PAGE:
Finance minister speaks on the impact of whistle-blowers policy as FG moves to establish office

Finance minister speaks on the impact of whistle-blowers policy as FG moves to establish office

- The Muhammadu Buhari administration is hell-bent on ensuring the whistle-blower policy does not die

- The government has concluded plans to establish a functioning whistle-blower office

- This was disclosed by the minister of finance, Mrs Kemi Adeosun

Nigeria's minister of finance, Mrs Kemi Adeosun, has revealed that there are plans to set up a functioning whistle-blower policy office.

The minister revealed this on Tuesday, August 15, in Abuja while speaking about the impact of the whistle-blower policy introduced by the present administration.

According to the finance minister, the whistle-blower office will be domiciled in the ministry of finance to protect individuals who provide information to the government.

She further said that the government has so far paid N325million to the first batch of whistle-blowers.

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Mrs Adeosun revealed that over 5,000 complaints have been received from whistle-blowers with 350 of them being actionable.

She also disclosed that investigative agencies were billed to embark on a study tour of Australia due to that country’s pedigree in whistleblowing.

According to her, much of the success of the policy had relied on the decision of the whistleblower to do the right thing, adding that of the 365 actionable tips received, over half of them came from public servants touching on issues such as contract inflation, ghost workers, illegal recruitments, misappropriation of funds, illegal sale of government assets, diversion of revenues, and violation of Treasury Single Account (TSA) regulations, among others.

Adeosun disclosed that in reviewing the information received, the government noticed that certain types of tips were recurring.

“For example, 39 per cent (144) of the actionable tips relate to misappropriation and diversion of funds/revenue, 16 per cent (60) relate to ghost workers, illegal recruitments and embezzlement of funds meant for personnel emolument, 15 per cent (56) relate to violation of TSA regulation, 13 per cent (49) relate to contract inflation/violation of the Procurement Act and failure to carry out projects for which funds have been released, and 9 per cent (34) relate to non-remittance of pension & NHIS deductions.

“Others include concealed bailout funds and embezzlement of funds from donor agencies,” she said.

Adeosun noted that overall, the volume of tips received had been greater and of higher quality than expected when the programme was first adopted.

“We continue to receive information everyday with total communication reaching above 5,000 in July through our various reporting channels.

“For example, many of the salary, tax and pensions under remittance cases shared a common thread. Several cases where institutions were found to have insufficient funds to meet their obligations often had illegal recruitments, which bloated the wage bill and agencies responded by part paying or short paying salaries, whilst applying to the federal government for salary shortfall payments.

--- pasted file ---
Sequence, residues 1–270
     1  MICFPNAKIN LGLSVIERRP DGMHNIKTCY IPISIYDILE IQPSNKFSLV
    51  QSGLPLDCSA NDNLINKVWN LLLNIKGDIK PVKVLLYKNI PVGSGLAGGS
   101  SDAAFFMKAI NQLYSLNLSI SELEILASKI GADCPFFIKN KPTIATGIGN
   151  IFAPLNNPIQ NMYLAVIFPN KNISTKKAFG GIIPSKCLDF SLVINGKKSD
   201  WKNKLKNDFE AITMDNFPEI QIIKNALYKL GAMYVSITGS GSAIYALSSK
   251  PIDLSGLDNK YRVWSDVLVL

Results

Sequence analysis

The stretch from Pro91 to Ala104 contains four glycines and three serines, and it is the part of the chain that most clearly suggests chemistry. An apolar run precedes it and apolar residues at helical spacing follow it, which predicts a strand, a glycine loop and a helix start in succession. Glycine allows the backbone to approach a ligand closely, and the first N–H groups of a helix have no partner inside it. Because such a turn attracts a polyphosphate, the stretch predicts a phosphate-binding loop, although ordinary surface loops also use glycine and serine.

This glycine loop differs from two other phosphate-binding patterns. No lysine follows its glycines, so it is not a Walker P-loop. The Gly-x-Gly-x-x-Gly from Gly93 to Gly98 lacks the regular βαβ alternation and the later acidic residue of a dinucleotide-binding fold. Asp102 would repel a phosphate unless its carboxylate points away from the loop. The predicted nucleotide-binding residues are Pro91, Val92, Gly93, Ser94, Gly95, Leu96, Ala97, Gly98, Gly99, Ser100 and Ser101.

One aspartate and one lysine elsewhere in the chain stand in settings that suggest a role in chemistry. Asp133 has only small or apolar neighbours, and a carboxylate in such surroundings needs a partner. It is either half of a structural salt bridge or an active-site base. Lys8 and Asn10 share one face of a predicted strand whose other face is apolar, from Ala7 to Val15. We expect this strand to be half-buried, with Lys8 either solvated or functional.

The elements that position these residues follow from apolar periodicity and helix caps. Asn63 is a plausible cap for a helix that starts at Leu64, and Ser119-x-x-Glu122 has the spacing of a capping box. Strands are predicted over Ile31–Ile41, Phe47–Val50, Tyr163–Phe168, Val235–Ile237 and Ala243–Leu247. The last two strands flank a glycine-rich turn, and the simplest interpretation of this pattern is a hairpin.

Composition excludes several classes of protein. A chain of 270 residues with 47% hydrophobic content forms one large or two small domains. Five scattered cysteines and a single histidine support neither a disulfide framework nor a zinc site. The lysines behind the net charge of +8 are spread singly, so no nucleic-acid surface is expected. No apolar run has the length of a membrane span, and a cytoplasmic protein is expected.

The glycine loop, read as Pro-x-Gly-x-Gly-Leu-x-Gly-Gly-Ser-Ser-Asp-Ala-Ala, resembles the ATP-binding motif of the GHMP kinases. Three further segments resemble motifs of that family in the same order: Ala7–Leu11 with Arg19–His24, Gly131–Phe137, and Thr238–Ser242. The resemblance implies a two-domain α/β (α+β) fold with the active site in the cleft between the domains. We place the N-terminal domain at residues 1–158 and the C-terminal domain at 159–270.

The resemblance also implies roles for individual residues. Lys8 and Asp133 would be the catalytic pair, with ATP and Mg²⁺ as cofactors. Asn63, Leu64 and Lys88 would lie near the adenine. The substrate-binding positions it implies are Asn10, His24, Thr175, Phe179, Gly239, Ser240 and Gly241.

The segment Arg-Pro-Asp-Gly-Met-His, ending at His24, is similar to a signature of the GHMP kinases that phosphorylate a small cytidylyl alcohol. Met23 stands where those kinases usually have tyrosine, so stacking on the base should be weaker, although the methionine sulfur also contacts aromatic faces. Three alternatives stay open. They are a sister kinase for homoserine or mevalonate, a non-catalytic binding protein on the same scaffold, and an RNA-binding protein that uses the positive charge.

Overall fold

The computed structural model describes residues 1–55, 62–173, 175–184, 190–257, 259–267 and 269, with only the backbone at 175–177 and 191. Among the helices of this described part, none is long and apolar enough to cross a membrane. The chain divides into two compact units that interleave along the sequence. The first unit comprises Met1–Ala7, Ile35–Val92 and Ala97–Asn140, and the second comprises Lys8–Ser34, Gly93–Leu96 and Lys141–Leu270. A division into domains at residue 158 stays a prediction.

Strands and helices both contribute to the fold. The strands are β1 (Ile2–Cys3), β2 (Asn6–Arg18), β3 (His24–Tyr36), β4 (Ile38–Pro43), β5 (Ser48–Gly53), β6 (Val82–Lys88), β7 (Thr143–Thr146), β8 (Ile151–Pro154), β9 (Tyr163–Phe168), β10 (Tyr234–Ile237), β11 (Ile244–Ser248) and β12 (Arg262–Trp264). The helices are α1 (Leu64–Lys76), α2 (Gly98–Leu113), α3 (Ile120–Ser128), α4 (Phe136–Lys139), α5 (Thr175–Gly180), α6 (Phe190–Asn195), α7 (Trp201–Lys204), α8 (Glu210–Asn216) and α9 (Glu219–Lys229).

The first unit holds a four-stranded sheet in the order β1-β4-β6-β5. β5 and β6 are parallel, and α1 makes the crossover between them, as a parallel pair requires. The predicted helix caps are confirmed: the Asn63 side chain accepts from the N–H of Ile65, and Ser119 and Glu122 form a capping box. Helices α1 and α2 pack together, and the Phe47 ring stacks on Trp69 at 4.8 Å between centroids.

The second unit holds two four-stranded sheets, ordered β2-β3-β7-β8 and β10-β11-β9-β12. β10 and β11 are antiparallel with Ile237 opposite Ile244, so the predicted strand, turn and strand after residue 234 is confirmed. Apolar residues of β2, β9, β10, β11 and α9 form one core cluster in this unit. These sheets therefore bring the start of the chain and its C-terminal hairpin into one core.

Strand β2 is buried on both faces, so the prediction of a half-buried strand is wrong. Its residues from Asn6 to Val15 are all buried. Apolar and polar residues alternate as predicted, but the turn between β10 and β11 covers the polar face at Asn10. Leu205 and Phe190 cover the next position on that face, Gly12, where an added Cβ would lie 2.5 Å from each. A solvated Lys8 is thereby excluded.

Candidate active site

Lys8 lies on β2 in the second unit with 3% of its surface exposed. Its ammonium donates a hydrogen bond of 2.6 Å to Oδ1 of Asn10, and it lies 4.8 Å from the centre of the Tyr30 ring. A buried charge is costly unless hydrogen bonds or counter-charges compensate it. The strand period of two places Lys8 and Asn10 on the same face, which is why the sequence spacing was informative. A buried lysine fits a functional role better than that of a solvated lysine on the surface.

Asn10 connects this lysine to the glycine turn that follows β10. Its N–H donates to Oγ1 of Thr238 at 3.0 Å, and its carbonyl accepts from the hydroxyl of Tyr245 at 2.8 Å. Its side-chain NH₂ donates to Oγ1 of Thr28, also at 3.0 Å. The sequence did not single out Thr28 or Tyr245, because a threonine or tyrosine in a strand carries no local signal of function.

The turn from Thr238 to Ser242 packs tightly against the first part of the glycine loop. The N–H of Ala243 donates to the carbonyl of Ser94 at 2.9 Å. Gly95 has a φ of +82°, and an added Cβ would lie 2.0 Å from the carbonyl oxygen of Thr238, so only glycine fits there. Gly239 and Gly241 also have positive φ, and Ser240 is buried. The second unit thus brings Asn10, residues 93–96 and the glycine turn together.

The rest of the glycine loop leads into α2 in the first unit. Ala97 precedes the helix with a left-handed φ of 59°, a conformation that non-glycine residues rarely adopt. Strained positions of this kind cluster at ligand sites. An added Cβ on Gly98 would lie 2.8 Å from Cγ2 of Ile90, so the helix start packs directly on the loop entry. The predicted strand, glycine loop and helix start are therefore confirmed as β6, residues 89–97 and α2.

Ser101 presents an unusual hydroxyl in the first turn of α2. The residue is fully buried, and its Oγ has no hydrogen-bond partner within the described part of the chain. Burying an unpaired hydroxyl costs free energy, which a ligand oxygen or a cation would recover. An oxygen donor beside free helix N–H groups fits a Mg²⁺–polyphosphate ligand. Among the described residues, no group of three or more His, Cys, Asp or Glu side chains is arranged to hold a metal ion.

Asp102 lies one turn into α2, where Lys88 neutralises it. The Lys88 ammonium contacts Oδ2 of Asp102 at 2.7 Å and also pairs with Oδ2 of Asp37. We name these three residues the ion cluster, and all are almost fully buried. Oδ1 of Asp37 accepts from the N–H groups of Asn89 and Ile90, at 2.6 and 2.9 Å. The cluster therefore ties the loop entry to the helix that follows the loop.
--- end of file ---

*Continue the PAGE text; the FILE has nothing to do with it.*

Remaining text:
“We are revisiting our procedures for approval of recruitment, which will improve our budgeting and control. Equally, in many cases where revenue has been diverted to accounts outside the TSA, we have reviewed our reconciliation and receipting processes.

“So the information being provided is useful in driving process improvements,” she stated.

She urged civil servants with information on possible misconduct or violations to come forward.

Adeosun noted that the reward scheme under the policy has also served as an incentive for disclosures, as a whistleblower is entitled to between 2.5 per cent and 5 per cent of the amount recovered, if the information provided is original and directly leads to the recovery of stolen or concealed funds or assets.

“Even in the payment process, we have built in protection to ensure that whistleblowers identities remain confidential and that bank and other details cannot be used to trace information providers,” she added.

In another development, Nigeria's minister of trade and investment, Okechukwu Enelamah, has launched the Strengthening African Processors of Fortified Foods project in Lagos.

The minister who was represented by the permanent secretary, Malam Aminu Bisalla, said the National Nutrition and Health Survey (NNHS) assessment of 2013, reveals that two out of three children under the age of five are chronically malnourished in Nigeria.

He pointed out that the federal government had been making effort to improve the situation with its drive to ensure compliance to food fortification regulations.

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NAIJ.com gathered that the $10million (over N3billion) four-year project is sponsored by the Bill & Melinda Gates Foundation (BMGF) and is designed to support local food processors produce more fortified foods to combat malnutrition.

Watch the minister of transportation, Rotimi Amaechi, speak about the achievements of the federal government on NAIJ.com TV:

Source: Naija.ng

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